The infield from first around to third consisted of Joe Kuhel, Buddy Myer, Joe Cronin, and Ossie Bluege. Cronin, who would make the Hall of Fame, was also the manager, making the 1933 World Series odd by having two player-managers (Bill Terry). Cronin hit .309, led the team with both 118 RBIs and 87 walks. He was a solid shortstop and gave his team 7.2 WAR. All that got him second in the MVP voting. Myer, Cronin’s keystone crony, had 4.4 WAR, good for second on the team among position players. First baseman Joe Kuhel led the team with both 17 stolen bases and 11 home runs, had 107 RBIs (good for second on the team), and also led in OPS (.851) and was second on the Senators with 281 total bases. Ossie Bluege (his Baseball Reference page says it’s pronounced Blue-Jee—-I’ll take their word for it) was, at 32, the senior citizen of the infield. He’d been around for the 1920s pennant run and was still productive. He hit .261 with six home runs, good for third in Washington.  The backups included Cecil Travis who hit .302 in 43 games and Bob Boken who hit .278.

The outfield consisted of two Hall of Famers and Fred Schulte. Schulte hit .295 with 87 RBIs and was second on the team with 10 stolen bases.. The Hall of Famers were Goose Goslin and Heinie Manush. Manush, one of the more obscure Hall of Fame members, led the team with a .336 average, 115 runs scored, and had 4.1 WAR. The other outfielder was Goose Goslin. By the time the 1933 Series ended, Goslin would become the only man to play in all 19 Washington Senators World Series games (Bluege missed two in 1925 and Sam Rice was a part-time player by 1933). For the season his triple slash line read .297/.348/.452/.800 with 10 home runs, 10 triples (try that on purpose), 35 doubles, a 112 OPs+, and 3.2 WAR. Dave Harris and Sam Rice did most of the substitute work in the outfield. Harris had five home runs and hit .260. Rice, who logged 39 games in the outfield at age 43, hit .294, had -0.5 WAR, and would play one more season before retiring with 2987 hits.

Luke Sewell, brother of Yankees third baseman Joe, did the bulk of the catching. He hit .264 with no power and is today probably best known, if he’s known at all, as the manager of the 1944 St. Louis Browns, the only Browns team to win a pennant. Moe Berg, who is also better known for something other than catching (he was a “spy” during the pre-World War II period) hit .185 as the primary backup.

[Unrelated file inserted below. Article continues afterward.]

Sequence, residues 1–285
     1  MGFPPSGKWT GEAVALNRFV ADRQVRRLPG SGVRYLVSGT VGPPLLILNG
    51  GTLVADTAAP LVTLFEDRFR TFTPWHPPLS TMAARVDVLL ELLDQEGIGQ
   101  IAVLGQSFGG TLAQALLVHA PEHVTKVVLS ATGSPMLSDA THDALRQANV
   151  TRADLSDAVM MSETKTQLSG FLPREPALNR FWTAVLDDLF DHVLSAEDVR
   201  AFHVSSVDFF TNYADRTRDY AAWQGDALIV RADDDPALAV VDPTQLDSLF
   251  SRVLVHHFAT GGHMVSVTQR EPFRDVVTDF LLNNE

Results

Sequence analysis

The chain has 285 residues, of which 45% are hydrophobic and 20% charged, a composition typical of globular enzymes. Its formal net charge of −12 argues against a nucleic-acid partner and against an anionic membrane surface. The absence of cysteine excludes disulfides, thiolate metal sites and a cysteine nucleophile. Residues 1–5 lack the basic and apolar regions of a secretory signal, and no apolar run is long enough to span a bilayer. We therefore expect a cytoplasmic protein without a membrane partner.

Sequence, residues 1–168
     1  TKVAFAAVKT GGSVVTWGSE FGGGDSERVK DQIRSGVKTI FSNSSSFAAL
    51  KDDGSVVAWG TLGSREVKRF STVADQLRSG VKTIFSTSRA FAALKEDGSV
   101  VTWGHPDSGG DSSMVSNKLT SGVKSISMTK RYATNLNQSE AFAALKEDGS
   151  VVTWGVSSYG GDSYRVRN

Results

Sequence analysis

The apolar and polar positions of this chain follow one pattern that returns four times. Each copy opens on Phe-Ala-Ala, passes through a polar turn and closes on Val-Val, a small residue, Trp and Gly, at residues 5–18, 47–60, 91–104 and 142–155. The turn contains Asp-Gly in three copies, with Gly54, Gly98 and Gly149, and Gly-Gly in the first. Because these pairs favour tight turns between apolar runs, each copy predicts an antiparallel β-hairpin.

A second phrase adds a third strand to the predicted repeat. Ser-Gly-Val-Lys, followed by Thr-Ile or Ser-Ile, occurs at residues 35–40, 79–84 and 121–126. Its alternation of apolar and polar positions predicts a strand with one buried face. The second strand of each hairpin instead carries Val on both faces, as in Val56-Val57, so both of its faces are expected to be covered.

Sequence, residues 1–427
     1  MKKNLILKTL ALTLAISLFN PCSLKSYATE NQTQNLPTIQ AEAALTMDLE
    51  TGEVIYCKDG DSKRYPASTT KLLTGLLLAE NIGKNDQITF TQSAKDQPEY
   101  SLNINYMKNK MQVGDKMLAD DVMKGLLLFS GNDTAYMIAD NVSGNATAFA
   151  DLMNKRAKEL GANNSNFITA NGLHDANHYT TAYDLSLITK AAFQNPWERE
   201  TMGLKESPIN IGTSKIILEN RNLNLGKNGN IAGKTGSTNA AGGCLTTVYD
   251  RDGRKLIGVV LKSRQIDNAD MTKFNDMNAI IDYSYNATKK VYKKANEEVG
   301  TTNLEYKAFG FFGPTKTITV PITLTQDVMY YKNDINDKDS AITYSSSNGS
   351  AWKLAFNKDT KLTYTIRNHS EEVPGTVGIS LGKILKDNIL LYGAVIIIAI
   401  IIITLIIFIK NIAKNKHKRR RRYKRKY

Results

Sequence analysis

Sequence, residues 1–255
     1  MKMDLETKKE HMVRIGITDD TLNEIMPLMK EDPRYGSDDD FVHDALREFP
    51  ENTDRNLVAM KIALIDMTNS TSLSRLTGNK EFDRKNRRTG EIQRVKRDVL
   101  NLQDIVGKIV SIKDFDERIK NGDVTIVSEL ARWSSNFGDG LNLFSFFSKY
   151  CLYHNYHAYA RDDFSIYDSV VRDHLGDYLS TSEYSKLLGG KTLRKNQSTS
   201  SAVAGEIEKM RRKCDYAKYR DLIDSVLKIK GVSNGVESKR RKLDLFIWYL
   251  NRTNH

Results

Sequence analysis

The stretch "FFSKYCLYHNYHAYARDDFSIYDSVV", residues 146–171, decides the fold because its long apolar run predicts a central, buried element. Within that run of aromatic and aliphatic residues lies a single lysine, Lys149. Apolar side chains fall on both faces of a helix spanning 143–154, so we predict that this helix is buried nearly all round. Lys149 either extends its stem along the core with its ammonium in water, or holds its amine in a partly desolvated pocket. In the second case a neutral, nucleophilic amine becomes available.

They caught a staff that didn’t have a Walter Johnson anywhere on the roster. General (Alvin) Crowder and Monte Weaver were the primary right handers on a staff that was second in the American League in ERA and runs. The primary lefties were Earl Whitehill and Walter “Lefty” Stewart. All had ERA’s in the three’s and both Crowder and Whitehill gave up more hits than they had innings pitched. Whitehill and Weaver both walked more men than they struck out. Stewart’s 1.244 WHIP was best on the team and Whitehill’s 4.9 WAR led all pitchers. The primary man out of the bullpen was Jack Russell (as far as I know he didn’t have a terrier). His ERA was 2.69 and led the AL with 13 saves. It gave him a 3.5 WAR.

The Senators could hit with the Giants. The question was simply could their pitching keep up with the likes of Carl Hubbell and company. The World Series began 3 October.

 

 

 

1924: Derailing the Big Train

March 11, 2015

The first two games of the 1924 World Series were in Washington, D.C. There had never been playoff baseball in Washington. Even the President showed up.

Game 1

Bill Terry

Bill Terry